Shapleigh's Villages

Shapleigh Corner, the most central village is the seat of town government and contains a fine wooden town-house, a church, high school, common school and twenty-four dwellings. A thriving trade is conducted with the surrounding country, The business consists of the general store and custom shoe-shop of Thomas Ricker, established in 1865; store of Charles M. Abbott, established by Elisha Bodwell, who was a prominent citizen, and held the office of town clerk here as early as 1837. Mr. Abbott became the proprietor in 1878 and is the present postmaster. Mails are received by Springvale and North Shapleigh stage. Daniel Newbegin opened a blacksmith shop here in 1876.

Emery Mills received its name from the mill erected by Simon Emery, a few rods below the church, previous to any other improvement or permanent occupation of lands in the town. The place contains eighteen dwellings and a church. The business consists of the saw-mill and general wood-working machinery of Edmund Goodwin, on the site of the old mill; clothing manufactory of H.S. and C.W. Merrifield, established by Hosea S. Merrifield in 1873, and employing six to eight operatives in the shop; the stores of H.S. and C.W. Merrifield, opened in 1875, and John Hemingway, opened in 1878. J. Hubbard, Esq., was a merchant here for many years previous. John Hemingway is postmaster.

North Shapleigh, formerly known as Shapleigh Iron Works or Twombly's Mills, is located in the northern part of the town on the Little Ossipee River, which is the line between Shapleigh and Newfield. It contains within a church, a school, and general store with a post office. A bed of iron was discovered about a half mile up the river on the Shapleigh side. In 1836 a blast furnace was erected by Huse & Company. The ore yielded about 40 percent iron, but the bed was small and the operation closed down after about 6 years.

A box shop and a hat manufactory later took over the buildings and water power.There were three water powers in the length of the village. The first, with a fall of 11 feet, was the Twombly privilege and 50 rods below that was the Leather Board Factory with a fall of 18 feet. Up the river in Newfield, Balch Pond was the headwaters of the Little Ossipee River with a flowage of 1600 acres and a fall of 10 feet.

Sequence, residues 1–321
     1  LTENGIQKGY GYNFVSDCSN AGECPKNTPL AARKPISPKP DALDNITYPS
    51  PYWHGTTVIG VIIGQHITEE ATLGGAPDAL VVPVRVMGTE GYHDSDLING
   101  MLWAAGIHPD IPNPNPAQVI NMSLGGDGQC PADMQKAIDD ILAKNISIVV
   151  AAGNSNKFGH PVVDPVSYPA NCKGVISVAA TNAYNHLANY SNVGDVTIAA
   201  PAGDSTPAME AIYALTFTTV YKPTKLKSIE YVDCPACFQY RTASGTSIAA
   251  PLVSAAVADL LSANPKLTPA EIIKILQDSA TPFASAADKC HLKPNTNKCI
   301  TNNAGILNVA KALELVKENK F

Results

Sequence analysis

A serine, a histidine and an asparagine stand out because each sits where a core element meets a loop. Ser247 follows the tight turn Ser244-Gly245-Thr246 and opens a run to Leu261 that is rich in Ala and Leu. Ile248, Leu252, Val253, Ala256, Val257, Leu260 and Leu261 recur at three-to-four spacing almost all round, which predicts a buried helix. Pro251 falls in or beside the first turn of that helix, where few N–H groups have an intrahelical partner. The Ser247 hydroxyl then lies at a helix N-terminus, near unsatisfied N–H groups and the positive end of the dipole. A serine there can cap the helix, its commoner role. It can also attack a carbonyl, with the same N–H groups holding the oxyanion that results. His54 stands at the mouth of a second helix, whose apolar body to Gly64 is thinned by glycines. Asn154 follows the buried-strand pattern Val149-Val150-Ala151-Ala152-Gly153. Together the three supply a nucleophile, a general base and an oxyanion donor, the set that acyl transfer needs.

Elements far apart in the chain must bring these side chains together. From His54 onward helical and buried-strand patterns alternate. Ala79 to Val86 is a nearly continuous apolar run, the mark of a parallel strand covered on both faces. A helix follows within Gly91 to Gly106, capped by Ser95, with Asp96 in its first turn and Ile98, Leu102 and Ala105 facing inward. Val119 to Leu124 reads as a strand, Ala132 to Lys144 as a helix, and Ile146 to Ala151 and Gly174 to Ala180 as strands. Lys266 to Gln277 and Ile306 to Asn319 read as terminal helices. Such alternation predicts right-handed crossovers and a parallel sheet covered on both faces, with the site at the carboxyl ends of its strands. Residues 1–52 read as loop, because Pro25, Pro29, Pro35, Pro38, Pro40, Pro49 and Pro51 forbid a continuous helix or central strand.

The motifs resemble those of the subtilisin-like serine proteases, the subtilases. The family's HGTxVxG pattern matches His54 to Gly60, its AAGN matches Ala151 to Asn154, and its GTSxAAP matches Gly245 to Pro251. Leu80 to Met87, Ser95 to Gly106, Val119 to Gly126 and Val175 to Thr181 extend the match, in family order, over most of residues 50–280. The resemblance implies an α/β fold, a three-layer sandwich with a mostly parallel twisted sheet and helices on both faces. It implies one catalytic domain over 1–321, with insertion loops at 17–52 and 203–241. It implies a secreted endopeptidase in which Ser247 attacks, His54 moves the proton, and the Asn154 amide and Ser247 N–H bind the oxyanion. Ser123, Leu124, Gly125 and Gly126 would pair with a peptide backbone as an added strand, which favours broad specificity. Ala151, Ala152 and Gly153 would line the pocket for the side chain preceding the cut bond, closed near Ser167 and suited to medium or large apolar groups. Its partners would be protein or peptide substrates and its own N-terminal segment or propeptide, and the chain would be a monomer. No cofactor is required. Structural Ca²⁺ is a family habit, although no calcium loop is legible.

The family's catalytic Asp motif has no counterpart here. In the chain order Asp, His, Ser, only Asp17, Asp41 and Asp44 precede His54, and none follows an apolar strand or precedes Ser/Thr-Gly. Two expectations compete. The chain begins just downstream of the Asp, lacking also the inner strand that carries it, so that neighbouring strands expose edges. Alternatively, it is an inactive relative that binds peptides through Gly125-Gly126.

Hargraves Woolen Mill was established in 1844 by John Hargraves as a custom carding and woolen mill and afterwards for the manufacture of blue blouse flannels, (possibly Civil War uniforms) and cashmere. They also made something called plaid back for shoe overtops. The mill was later enlarged by John Hargrave's son, Edward, to four sets of 1600 spindles and employed from 60-75 operatives. The Mill closed in 1904 and was torn down in 1928.

Ross Corner was a busy little community. The roads were lined with beautiful shade trees. Most of the houses were painted white or yellow, and many had long porches. The square was a beehive of activity. There were two stores, a post office, two blacksmith shops, a church, a butcher shop, an ice house, a corn house, a hide barn and an old home that had originally been a stagecoach inn.

In the summer the general store was a collection center for blueberries. Fifty bushels of berries were crated there during the evening and prepared for shipment. In the morning, the berries were sent by horse and wagon, six miles to Waterboro. They were shipped by rail to Faneuil Hall in Boston, in care of the W.L. Lawrence market where a Shapleigh native named George Mann ran a stall. If families were able to pick enough berries to earn $100, they were financially set for the winter. The price of berries was ten cents a quart.

The General Store was later converted to the "Ross Corner Dance Hall" which was run for years by Mr. & Mrs. James Bradburn.